This study is good news for anyone affected by HIV. It shows that people who start on modern HIV treatments can now live almost as long as people without HIV. The study is a demonstration of the enormous transformation in life expectancy for many people with HIV since the 1980s.
However, the study can't tell us why these improvements have come about. We know that drug treatments have improved greatly since 1996, when the study began, so it's reasonable to think that drug treatments play an important role.
However, there are other factors that might be important, such as earlier diagnosis and treatment, quick and effective response to the infections and cancers that HIV leaves people vulnerable to, and greater treatment choice when a drug combination fails.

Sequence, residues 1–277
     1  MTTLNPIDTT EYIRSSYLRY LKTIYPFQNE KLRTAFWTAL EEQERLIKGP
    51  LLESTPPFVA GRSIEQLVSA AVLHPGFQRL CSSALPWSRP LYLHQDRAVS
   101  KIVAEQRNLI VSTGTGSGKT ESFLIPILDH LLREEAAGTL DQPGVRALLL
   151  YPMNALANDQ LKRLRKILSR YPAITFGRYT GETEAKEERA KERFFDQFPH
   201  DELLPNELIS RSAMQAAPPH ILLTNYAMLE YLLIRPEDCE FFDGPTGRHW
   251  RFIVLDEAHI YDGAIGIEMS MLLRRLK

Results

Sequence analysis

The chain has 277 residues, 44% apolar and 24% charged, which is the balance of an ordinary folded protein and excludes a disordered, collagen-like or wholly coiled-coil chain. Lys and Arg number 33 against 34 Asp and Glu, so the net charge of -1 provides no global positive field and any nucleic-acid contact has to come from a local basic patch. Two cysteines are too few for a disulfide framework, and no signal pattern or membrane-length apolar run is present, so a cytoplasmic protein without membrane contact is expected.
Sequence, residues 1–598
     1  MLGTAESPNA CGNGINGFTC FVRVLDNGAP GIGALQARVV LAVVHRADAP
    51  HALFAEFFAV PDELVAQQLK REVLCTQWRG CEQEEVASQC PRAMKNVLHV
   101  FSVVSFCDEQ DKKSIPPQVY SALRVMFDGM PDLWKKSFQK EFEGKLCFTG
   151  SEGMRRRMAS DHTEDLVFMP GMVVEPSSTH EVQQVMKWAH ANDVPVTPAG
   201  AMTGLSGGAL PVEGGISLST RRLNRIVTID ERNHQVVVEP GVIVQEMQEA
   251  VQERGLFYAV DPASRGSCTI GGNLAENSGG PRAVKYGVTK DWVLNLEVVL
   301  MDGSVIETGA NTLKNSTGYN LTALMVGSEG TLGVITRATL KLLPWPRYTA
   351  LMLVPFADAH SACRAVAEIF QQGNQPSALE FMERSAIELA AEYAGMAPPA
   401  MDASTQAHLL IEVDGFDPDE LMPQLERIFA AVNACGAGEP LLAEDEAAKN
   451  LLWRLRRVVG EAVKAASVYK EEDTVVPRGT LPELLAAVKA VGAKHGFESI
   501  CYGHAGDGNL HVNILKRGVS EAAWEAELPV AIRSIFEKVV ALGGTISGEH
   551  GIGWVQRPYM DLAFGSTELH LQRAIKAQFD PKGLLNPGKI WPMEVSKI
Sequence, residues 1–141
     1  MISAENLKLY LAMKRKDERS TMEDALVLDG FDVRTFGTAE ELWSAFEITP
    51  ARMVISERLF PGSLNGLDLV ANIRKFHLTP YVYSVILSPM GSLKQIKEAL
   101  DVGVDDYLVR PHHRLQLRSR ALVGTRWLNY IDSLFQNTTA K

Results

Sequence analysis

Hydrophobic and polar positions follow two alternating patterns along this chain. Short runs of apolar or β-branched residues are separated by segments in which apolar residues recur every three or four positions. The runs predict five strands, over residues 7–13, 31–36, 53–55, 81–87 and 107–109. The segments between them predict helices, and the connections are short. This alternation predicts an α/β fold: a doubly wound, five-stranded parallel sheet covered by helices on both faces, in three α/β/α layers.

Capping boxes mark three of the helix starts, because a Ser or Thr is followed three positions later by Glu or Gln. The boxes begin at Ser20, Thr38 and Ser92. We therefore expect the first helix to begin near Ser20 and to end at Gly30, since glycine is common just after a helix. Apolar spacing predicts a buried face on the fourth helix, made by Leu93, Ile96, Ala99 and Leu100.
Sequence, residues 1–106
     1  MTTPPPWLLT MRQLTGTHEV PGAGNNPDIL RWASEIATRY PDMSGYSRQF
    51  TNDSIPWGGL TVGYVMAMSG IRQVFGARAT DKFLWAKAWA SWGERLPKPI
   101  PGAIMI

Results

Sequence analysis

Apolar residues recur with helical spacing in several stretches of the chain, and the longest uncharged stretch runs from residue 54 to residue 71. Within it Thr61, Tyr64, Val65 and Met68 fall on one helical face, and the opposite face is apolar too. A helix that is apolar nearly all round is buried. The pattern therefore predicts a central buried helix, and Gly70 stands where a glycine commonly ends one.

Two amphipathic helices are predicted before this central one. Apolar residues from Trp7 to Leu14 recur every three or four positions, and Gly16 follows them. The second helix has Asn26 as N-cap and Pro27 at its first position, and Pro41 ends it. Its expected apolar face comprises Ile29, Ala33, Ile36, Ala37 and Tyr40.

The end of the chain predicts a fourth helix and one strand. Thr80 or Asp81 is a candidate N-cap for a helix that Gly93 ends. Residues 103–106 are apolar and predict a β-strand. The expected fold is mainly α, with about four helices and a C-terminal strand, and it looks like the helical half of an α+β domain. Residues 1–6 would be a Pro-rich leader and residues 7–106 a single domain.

The study has some limitations. The participants in the study were all treated in high income countries in Europe or North America. Improvements on this scale may not apply to resource-poor parts of the world, where people don't have ready and reliable access to ART.
Also, the life expectancy figures given are only averages. They don't guarantee that people with HIV will live to those ages, any more than average life expectancy for the general population guarantees that's how long you will live.
The researchers note that people who inject drugs, and people whose immune system is already damaged by the time they are diagnosed with HIV, have seen much less improvement.
The challenge is to find ways to extend the benefits seen among those diagnosed and started quickly on treatment, to people who risk being left behind.
Prompt diagnosis and treatment – plus adherence to treatment in the long-term – are key if we are to see continued improvements in HIV life expectancy.
Find out more about testing and treatment for HIV.